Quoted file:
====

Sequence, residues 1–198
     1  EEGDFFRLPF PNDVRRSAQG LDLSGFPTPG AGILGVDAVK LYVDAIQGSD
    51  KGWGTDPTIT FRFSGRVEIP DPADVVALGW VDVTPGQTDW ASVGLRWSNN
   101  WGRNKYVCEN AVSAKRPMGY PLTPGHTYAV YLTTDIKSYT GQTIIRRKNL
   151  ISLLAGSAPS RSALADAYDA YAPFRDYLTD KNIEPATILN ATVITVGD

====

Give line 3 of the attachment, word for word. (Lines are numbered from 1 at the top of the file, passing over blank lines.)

    51  KGWGTDPTIT FRFSGRVEIP DPADVVALGW VDVTPGQTDW ASVGLRWSNN